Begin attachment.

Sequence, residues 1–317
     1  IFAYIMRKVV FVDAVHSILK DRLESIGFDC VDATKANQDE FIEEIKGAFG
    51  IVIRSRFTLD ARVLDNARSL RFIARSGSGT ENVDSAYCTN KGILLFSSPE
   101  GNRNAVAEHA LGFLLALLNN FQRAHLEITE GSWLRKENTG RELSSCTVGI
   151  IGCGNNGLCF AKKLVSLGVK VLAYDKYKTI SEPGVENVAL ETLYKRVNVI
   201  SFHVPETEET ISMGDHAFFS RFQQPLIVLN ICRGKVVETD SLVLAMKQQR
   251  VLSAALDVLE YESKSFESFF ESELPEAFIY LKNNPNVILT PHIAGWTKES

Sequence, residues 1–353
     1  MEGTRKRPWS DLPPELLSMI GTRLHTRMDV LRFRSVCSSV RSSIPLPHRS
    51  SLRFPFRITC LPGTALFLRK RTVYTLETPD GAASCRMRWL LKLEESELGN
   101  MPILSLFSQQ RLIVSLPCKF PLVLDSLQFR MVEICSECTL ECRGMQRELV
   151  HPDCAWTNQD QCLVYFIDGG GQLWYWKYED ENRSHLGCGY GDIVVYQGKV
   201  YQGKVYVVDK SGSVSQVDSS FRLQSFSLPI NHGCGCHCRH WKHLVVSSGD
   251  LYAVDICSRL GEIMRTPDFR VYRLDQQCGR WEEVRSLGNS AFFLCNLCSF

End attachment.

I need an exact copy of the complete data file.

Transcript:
Sequence, residues 1–317
     1  IFAYIMRKVV FVDAVHSILK DRLESIGFDC VDATKANQDE FIEEIKGAFG
    51  IVIRSRFTLD ARVLDNARSL RFIARSGSGT ENVDSAYCTN KGILLFSSPE
   101  GNRNAVAEHA LGFLLALLNN FQRAHLEITE GSWLRKENTG RELSSCTVGI
   151  IGCGNNGLCF AKKLVSLGVK VLAYDKYKTI SEPGVENVAL ETLYKRVNVI
   201  SFHVPETEET ISMGDHAFFS RFQQPLIVLN ICRGKVVETD SLVLAMKQQR
   251  VLSAALDVLE YESKSFESFF ESELPEAFIY LKNNPNVILT PHIAGWTKES

Sequence, residues 1–353
     1  MEGTRKRPWS DLPPELLSMI GTRLHTRMDV LRFRSVCSSV RSSIPLPHRS
    51  SLRFPFRITC LPGTALFLRK RTVYTLETPD GAASCRMRWL LKLEESELGN
   101  MPILSLFSQQ RLIVSLPCKF PLVLDSLQFR MVEICSECTL ECRGMQRELV
   151  HPDCAWTNQD QCLVYFIDGG GQLWYWKYED ENRSHLGCGY GDIVVYQGKV
   201  YQGKVYVVDK SGSVSQVDSS FRLQSFSLPI NHGCGCHCRH WKHLVVSSGD
   251  LYAVDICSRL GEIMRTPDFR VYRLDQQCGR WEEVRSLGNS AFFLCNLCSF